Depression today is the most common mental illness in Nigeria. About 6 in 10 Nigerians experience mental illness signs or symptoms at some point in their lives. Yet fewer than half of those with a serious mental illness such as schizophrenia, bipolar disorder, anxiety disorders, major depression or panic disorder receive any treatment.

The onset of depression is often due to a significant emotional or physical trauma. This may be an event that is past in your life but the effects are still having a profound effect on you, such as the death of a loved one. It can also be an event that occurs during adolescence or early adulthood, such as a divorce or a break-up, an accident or illness, bullying, physical or sexual abuse by a family member or friend, the loss of a job, foreclosure of a home or business failure.

Depression can stem from a multitude of different reasons and over the past few years, we have heard a great deal about post-partum depression. What often goes unrecognized is that men can also suffer from post-partum depression.

Depression has a history, just like any other illness. After all, you don’t wake up one day and decide to become depressed or do you? The roots of depression can be so deep that they date back to childhood and beyond.

Mental illness and depression can be very complex. The origin of much of the emotional pain we all feel is buried deep in our unconscious mind, where it is stored in the memory of our experiences, emotions and thoughts.

The theory underlying psychotherapy, as developed by Beck and his successors, is based on the idea that attempting to treat depression directly without understanding its biologic roots is like treating obesity by focusing on nutrition. In this model, diet is only one of many factors underlying obesity, and trying to address obesity by focusing on diet alone would fail. Similarly, trying to treat depression by treating only symptoms is like treating obesity by focusing only on diet.



Postpartum depression (PPD) is a kind of major depression that happens after having a baby. It can affect anyone who gives birth, not just women. It can happen in men, too. But women are more likely to have it. About 1 in 9 women develops PPD.


Postpartum depression happens to women after giving birth. Its a very serious condition. A condition that can be treated, should be treated, and should not be stigmatized.


Postpartum depression happens to women after giving birth. So why is there such a stigma around this? In fact, studies have shown that it affects about 1 in 5 women. But there are ways to help, and its easier than you might think.

The first thing you need to know is that youre not alone if you are experiencing symptoms of postpartum depression. Its far more common than you realize, and there are so many reasons why this could be happening to you. Instead of feeling ashamed and embarrassed, learn more about what is going on with your body and your mind so that you can start to take steps toward healing.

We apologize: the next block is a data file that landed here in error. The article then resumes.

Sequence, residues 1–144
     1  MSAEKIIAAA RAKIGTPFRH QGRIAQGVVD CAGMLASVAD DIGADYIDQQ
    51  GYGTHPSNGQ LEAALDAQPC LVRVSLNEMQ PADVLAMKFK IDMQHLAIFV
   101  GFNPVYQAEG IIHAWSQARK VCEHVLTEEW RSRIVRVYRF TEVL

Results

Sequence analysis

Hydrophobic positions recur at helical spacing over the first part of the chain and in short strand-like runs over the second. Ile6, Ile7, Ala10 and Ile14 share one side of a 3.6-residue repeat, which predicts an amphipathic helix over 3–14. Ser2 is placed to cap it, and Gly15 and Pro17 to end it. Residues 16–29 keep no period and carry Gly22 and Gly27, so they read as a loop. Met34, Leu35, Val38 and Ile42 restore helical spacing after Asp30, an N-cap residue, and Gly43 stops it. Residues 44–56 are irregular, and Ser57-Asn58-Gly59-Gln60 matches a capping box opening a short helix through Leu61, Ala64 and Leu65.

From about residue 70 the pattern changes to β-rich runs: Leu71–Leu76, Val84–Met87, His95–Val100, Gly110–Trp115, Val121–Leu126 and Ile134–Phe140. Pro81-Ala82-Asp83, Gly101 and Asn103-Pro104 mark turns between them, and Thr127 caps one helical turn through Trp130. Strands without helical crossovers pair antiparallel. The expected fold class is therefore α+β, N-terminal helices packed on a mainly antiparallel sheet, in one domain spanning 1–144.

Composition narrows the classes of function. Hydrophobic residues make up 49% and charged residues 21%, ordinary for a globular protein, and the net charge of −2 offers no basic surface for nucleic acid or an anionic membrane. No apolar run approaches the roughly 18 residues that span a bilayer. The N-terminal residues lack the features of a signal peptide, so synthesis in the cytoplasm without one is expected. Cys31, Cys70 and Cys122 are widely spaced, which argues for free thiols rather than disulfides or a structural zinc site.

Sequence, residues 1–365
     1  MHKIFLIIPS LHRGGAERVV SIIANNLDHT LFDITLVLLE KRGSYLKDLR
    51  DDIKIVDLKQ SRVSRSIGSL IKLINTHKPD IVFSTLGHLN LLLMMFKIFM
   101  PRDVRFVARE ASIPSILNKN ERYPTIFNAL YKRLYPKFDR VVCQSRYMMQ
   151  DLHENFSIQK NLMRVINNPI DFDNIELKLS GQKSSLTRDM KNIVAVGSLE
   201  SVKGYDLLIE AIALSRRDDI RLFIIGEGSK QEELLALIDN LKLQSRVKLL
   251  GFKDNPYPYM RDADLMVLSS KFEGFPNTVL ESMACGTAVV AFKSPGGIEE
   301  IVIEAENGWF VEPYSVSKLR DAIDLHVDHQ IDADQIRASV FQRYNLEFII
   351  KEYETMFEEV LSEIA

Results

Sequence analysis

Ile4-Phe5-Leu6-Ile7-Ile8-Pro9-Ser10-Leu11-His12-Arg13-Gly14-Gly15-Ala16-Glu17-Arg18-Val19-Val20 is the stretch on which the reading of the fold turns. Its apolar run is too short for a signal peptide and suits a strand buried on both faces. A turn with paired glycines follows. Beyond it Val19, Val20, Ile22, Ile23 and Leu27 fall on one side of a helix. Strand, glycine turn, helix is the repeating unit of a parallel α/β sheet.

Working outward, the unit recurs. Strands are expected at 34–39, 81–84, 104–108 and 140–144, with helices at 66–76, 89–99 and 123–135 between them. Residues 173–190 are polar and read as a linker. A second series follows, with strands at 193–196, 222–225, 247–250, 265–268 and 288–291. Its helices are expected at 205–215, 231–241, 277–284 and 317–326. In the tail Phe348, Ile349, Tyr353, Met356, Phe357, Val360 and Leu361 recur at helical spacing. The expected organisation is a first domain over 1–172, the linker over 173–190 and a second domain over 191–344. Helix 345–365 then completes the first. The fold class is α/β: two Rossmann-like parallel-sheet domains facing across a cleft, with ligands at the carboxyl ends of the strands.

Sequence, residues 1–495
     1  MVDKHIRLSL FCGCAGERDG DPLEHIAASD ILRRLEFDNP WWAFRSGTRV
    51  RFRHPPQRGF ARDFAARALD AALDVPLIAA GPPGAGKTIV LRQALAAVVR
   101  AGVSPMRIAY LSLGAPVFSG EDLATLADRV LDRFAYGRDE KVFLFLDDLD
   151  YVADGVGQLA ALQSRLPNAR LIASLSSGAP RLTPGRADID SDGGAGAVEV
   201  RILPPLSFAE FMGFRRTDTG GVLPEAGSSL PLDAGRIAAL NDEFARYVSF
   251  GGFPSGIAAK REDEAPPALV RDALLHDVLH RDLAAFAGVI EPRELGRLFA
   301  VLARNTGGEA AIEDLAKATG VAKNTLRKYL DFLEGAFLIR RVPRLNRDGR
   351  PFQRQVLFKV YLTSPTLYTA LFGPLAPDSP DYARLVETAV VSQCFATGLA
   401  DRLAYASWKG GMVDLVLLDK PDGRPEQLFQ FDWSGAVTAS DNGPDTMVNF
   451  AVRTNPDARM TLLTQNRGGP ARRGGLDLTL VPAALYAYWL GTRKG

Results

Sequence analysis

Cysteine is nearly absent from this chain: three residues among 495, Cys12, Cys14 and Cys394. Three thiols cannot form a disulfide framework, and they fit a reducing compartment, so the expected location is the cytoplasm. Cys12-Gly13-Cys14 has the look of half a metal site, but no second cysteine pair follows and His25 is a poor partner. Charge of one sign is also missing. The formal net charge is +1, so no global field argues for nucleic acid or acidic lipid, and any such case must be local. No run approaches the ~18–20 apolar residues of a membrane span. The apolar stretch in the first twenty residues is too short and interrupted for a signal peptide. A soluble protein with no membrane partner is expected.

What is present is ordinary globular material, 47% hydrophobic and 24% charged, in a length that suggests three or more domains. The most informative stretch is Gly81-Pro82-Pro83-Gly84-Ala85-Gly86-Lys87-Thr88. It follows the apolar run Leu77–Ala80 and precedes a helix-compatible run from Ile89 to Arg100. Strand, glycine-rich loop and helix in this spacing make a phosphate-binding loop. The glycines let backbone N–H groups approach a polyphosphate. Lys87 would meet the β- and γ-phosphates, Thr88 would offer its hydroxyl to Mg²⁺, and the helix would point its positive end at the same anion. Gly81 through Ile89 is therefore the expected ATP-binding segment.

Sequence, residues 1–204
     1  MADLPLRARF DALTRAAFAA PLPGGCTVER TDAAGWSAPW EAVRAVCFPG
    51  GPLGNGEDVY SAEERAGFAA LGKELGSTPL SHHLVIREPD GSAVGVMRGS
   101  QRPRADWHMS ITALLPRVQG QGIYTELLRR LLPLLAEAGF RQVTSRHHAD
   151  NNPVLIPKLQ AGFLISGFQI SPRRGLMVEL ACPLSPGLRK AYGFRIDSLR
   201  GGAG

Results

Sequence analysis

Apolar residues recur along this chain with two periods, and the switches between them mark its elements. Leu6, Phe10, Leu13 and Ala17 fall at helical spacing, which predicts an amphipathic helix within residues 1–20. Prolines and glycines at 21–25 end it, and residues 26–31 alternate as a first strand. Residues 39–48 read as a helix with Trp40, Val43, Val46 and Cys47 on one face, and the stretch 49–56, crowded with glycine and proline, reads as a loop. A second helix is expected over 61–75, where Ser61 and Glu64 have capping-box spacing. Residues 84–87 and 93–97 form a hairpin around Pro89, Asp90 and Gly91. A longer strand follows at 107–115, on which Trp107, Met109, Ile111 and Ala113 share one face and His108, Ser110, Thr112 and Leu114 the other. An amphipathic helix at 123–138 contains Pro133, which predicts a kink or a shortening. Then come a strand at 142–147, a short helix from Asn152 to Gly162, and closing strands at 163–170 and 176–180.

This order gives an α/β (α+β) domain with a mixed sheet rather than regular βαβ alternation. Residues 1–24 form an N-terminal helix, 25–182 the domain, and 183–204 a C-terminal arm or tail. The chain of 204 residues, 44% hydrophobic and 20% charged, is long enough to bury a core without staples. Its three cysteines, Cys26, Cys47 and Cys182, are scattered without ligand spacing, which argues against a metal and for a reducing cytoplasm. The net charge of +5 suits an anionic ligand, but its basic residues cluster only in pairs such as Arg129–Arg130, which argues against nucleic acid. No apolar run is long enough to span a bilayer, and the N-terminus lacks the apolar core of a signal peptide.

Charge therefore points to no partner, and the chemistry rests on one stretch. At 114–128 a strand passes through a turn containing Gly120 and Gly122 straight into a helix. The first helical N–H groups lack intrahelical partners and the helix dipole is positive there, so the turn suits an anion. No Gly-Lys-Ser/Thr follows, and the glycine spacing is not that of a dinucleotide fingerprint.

Postpartum depression is a severe form of depression that mostly sets in within the first year. It comes on suddenly and affects a womans daily life-the way she sleeps, the way she eats and the way she behaves. Women suffering from this condition may experience changes in their eating habits, weight gain or weight loss, sleeping patterns and inability to bond with the baby.

The mothers may also feel suicidal, experience anxiety attacks and mood swings. Postpartum depression can be life-threatening if not treated in time.

To help new mothers who are suffering from postpartum depression,


After childbirth, many women experience a period of emotional adjustment.

The symptoms of this depression are relatively easy to diagnose, but they are also much more common than many people realize, affecting one in ten new mothers.

In contrast to postpartum depression, the terms “Baby Blues” and “Postpartum Depression” have been around for quite a while and are associated with the emergence of the second generation antidepressants (SSRIs), which can cause side effects, such as moodiness, tiredness and sleep disturbances.

True Postpartum Depression is not a condition that simply comes and goes with time, as with the “baby blues”. Rather it is a condition that requires committed treatment. In order to successfully treat Postpartum Depression, it is helpful to understand what exactly it is.



Postpartum depression is common and treatable with professional help, but most mothers do not receive the support they need.

Since 2019, The Freudian Centre has been creating spaces where women can take control of their health and wellness. Our team of psychiatrists, nurses and therapists work with women to treat every aspect of their postpartum experience, from the emotional to the physical. We do not treat postpartum depression as a condition that needs to be cured.

The Freudian Centre is committed to improving the lives of women in our community. Increasing awareness and reducing stigma is vital to helping mothers receive the treatment they need.

The Freudian Centres approach to mental health addresses the whole personmind, body and spiritso that the person can begin to feel whole again.

Reach out to us today!